Structured data about hidden content
Search engines typically don’t publish detailed guidelines about which kind of hidden data (or how much) they take into account for their structured-data-based search result features.
Some is certainly okay -- after all, there are many things for which it wouldn’t always make sense to get displayed on the page (e.g., the
width of an
ImageObject), even shown in Google’s own examples -- and some other probably isn’t.
For example, Google says in their quality guidelines:
Markup should not be used to hide content not visible to users in any form, since it might create a misleading or deceptive search experience. For example, if the JSON-LD markup describes a performer, the HTML body should describe that same performer.
They give an extreme example which doesn’t apply to your case. Unfortunately, they don’t provide more details.
In general, providing hidden data can be perfectly fine and useful, and you shouldn’t omit this data just because a search engine doesn’t take it into account for their rich results. While providing data about visible content is the best case, providing relevant data about invisible content is better than not providing it at all. As long as you don’t try to deceive, you should be fine.
That said, you shouldn’t expect that search engines index your hidden content. If they don’t, your hidden name couldn’t possibly affect the ranking.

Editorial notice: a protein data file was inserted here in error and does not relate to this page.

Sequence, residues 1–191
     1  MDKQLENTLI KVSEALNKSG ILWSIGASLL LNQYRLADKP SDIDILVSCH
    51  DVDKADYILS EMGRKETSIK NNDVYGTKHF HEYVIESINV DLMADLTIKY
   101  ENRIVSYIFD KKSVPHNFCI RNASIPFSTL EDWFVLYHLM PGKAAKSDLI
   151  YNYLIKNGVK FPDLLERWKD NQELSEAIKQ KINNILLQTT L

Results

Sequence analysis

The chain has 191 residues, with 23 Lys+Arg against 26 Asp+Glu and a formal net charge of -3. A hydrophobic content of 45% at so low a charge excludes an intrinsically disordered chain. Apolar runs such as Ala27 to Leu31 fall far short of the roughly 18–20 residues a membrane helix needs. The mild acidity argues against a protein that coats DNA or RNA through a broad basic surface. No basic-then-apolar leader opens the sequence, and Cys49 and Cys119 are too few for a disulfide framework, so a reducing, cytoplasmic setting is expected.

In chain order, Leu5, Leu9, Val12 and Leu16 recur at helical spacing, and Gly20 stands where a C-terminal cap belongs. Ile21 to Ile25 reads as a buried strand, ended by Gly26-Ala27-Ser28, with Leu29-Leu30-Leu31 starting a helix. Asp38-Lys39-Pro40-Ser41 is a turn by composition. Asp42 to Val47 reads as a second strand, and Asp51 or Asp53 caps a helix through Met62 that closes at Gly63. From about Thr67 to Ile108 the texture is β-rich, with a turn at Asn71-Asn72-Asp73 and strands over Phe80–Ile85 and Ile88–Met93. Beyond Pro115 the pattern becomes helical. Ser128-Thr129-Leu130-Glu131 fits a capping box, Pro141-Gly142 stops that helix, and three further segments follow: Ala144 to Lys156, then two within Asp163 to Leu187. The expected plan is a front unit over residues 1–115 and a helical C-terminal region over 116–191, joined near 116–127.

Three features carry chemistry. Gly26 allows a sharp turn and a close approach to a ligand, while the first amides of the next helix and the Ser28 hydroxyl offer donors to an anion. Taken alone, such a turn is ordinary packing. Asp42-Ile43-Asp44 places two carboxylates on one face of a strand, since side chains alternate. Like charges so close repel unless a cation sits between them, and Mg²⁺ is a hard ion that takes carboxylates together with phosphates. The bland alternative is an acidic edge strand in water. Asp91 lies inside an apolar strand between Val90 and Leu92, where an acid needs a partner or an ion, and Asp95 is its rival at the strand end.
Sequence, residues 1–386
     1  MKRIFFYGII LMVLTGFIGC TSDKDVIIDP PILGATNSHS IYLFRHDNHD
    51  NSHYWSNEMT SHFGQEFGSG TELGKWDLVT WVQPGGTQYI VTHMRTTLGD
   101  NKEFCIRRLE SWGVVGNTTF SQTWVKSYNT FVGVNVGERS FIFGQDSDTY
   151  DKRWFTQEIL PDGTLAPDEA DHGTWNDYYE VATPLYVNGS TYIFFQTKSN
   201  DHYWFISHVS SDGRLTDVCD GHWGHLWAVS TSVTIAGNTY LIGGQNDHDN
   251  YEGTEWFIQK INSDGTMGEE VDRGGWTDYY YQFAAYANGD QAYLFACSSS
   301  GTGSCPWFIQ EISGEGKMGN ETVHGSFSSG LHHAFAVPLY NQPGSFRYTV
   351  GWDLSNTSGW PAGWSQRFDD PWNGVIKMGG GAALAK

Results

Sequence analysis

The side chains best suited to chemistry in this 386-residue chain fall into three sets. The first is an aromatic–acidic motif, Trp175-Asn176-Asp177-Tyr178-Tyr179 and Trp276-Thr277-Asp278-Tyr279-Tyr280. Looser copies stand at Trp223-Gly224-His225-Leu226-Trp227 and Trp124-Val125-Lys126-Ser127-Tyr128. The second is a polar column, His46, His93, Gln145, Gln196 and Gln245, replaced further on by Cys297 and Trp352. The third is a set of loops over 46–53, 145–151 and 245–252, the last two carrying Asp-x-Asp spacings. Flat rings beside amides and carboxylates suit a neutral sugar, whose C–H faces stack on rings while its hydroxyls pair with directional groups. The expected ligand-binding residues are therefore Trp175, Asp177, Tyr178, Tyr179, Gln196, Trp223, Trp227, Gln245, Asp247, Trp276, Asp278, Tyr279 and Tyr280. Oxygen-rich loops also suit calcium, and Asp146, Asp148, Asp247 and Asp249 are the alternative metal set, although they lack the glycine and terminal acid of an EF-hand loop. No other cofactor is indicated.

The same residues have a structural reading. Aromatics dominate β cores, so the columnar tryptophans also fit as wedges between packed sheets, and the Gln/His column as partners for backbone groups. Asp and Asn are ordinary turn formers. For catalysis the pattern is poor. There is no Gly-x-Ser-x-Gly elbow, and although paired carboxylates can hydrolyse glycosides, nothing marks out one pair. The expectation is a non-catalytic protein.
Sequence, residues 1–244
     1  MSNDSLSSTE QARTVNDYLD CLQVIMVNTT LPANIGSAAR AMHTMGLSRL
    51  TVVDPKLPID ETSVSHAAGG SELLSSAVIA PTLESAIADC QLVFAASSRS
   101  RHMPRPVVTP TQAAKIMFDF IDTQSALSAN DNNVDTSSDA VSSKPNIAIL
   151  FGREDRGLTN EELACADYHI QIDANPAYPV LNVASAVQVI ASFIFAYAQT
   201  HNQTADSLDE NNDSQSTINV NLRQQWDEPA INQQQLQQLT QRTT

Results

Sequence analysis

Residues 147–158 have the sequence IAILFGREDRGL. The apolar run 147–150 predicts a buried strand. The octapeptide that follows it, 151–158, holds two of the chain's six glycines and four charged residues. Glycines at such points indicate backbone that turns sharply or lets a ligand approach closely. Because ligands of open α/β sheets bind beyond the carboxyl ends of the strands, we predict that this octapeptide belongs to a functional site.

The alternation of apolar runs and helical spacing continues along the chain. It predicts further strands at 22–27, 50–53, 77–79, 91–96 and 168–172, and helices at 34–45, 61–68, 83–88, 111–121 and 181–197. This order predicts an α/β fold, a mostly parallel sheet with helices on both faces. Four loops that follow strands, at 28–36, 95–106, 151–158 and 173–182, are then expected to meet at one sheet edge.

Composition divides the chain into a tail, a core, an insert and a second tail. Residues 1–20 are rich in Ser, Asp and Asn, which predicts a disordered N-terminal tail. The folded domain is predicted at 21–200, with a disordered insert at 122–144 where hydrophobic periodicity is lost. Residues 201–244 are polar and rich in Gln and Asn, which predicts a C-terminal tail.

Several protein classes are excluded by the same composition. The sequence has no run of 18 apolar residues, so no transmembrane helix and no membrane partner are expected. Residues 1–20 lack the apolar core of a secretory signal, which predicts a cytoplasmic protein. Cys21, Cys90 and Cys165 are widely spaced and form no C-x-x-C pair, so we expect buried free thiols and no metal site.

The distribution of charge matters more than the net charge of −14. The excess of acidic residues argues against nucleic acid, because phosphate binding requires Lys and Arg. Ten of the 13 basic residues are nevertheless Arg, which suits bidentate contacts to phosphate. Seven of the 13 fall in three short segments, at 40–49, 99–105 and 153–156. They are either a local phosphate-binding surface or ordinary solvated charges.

Markup in your case
You say that it’s "obvious" who the author is. That means that at some place on your site you show your name, right? In that case, it’s not really hidden content, just content that doesn’t get repeated on every page. Again, search engines don’t publish guidelines that detailed, but I think it’s safe to assume that such a case might get handled differently.
The best practice from the structured data perspective is to define a
Person item on the relevant page (e.g., your "About" page, or the homepage, or wherever you say something about yourself) and to reference this item as
author of the
BlogPosting items on other pages.
See a similar Microdata example, and an explanation about URIs as identifiers.
To enable rich results that require the person’s name as a string value on that page, you can mix both ways:
<div itemprop="author" itemscope itemtype="http://schema.org/Person" itemid="/author/Chedy2149#i">
<link itemprop="url" href="/author/Chedy2149" />
<meta itemprop="name" content="Chedy2149" />
/author/Chedy2149#i is the URI that represents the person, and
/author/Chedy2149 the URI of the page where the
Person item is defined)